Love them or hate them, meal kits offered consumers new food experiences during lockdown and beyond. What are the latest options now, and how are recipe box rivals adapting for the future?

Meal kits – a chance to sharpen up on your chef skills with new global dishes, or an overpriced dinnertime alternative? Whatever you think about delivered meal boxes, it’s undeniable that they’ve been having a big moment.    

Earlier this year, singer and TV personality Myleene Klass and restauranteur Jamie Barber launched a new delivery kit called My Supper Hero. Being a keen foodie who ordered lots of meal kits during lockdown, I had to try it and it felt totally normal planning a stay-at-home dinner until I realised, the next date I could make for a special dinner-in (that wasn’t a Monday night) was three weeks away! How times have changed since lockdown!

So, what does life post-COVID look like for delivered meal kit companies?

Lockdown and the meal kit boom

It’s no secret that for these companies, lockdown was like Christmas come early. A huge (almost overnight!) spike in demand presented a key opportunity to expand their customer bases, and created space for new players to enter the market. Gousto even doubled its sales throughout the pandemic.*1

Lockdown helped remove the traditional barriers to entry – with people in their homes pretty much 24/7, looking for new, convenient foodie experiences. They no longer felt ‘tied down’ by having to eat meals in because they had no other choice, high-street competition was non-existent, and with nowhere else to spend their money, the market naturally boomed. And as recipe box companies grew their customers, their profits grew too.

It’s worth bearing in mind that the delivery kit market is a tough one to crack. There are numerous costs involved – from operational and supply chain through to marketing. These costs mean price points sit considerably above where consumers could buy the ingredients from a supermarket. This means that meal kit companies have had to elevate their offerings to justify their price points – be it through premium ingredients, extra garnishes (like fresh herbs or seeds) and even unique touches like Gousto’s daily Spotify playlist!

What’s more, the pandemic gave rise to a much more health-conscious consumer. In fact, 33% of people say that eating healthier has become a higher priority to them since the outbreak.*2 Meal kits are being seen as not only convenient for busy young professionals and families but also a healthier version of a take-away. This is why we think they’re here to stay, and we expect to see more recipe box innovations that meet our growing health-first expectations. 

Also, 92% of families plan to remain eating at home ‘at least as often’ as they did during May 2021, and 25% of people are planning to have people over for dinner more often than before the pandemic.*3  So, we expect delivery kits to remain a popular choice moving forwards – delivering convenience while fuelling our desire to get hands-on with food!

New options on the market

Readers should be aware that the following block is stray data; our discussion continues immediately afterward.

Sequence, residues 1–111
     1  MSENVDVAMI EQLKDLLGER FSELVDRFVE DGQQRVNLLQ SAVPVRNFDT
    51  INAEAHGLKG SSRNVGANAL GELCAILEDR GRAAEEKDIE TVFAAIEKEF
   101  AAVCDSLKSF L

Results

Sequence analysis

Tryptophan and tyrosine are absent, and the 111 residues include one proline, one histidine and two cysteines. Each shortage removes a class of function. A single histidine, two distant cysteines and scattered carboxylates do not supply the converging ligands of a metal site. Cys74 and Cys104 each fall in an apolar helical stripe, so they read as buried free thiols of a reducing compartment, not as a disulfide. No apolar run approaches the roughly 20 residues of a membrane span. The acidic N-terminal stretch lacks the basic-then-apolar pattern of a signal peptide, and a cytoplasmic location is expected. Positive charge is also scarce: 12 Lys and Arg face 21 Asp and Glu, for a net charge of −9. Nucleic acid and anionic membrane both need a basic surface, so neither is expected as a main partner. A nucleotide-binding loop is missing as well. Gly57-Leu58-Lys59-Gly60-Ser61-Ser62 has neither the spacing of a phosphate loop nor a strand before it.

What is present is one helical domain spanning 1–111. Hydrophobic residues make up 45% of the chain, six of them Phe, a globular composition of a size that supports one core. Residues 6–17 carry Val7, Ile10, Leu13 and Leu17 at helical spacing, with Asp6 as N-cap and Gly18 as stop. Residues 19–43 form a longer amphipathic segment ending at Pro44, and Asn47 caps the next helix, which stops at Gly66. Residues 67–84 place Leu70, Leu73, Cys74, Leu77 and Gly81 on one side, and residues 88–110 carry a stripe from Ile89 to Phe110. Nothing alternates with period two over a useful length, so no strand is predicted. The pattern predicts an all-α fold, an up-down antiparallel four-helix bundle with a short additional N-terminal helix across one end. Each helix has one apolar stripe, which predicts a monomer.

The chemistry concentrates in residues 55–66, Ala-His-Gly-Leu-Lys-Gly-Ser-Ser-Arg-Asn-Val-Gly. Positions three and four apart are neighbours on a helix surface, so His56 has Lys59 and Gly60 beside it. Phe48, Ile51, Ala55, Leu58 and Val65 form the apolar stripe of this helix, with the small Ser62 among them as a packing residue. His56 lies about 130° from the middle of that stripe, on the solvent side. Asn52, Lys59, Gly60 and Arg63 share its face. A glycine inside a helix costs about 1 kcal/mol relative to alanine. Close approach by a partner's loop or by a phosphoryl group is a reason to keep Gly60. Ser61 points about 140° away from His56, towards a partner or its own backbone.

My Supper Hero was a good example of where we think the market will be heading. The recipe box focused on the premium end of the market concentrating on ensuring all their packaging was recyclable and reduced where possible. The assembly was quick and easy and the dishes themselves are exciting and showcase an all kinds of different cuisines – from Korean, to Mexican, not forgetting more traditional options such as a Sunday roast too.

I opted for the Miso Salmon and Bao Buns with Sticky Teriyaki Roast Broccoli which were utterly delicious. Incredibly easy to prepare, and everything had been marinated to perfection, the only complaint was when it ended! Although with a hefty price tag of £17.50 per person, I definitely paid restaurant prices.

The verdict? I probably wouldn’t order again for a standard night in, but for a special occasion (or even as a ‘cheat’ when there’s no time to prep for entertaining), I’ll certainly be looking them up!

Adapting to changes

Rising fuel and ingredient costs, changes in demand and increasingly planet-conscious consumers have made restaurants who adapted to lockdown quickly and offered delivery kits stop and think about what’s best for them and their customers. Some have decided to reduce or stop production of at-home meal kits, focusing on their onsite offerings instead. Others are still seeing healthy demand from meal kit lovers and have carved out new long-term revenue streams as a result.    

Meal kits are still the most popular subscription box category in 2022, with a market value of £1bn.*4 While the big boys such as HelloFresh and Gousto are capitalising on everyday convenience, they’re justifying their place in the market with exciting foodie experiences, creating a space for people who have fallen in love with cooking again over lockdown.

There’s still a real, ongoing opportunity for restaurants and meal kit companies in a post-lockdown world. It’s all about reflecting on what people need and the food experiences they’re looking for, and then coming up with a strategy to fill that gap!

So, if you’re ever short on time – or just fancy something special without the hassle of travelling into town, why not re-visit a much-loved meal kit? They’ll be sticking around for a while.

Have a cracking day!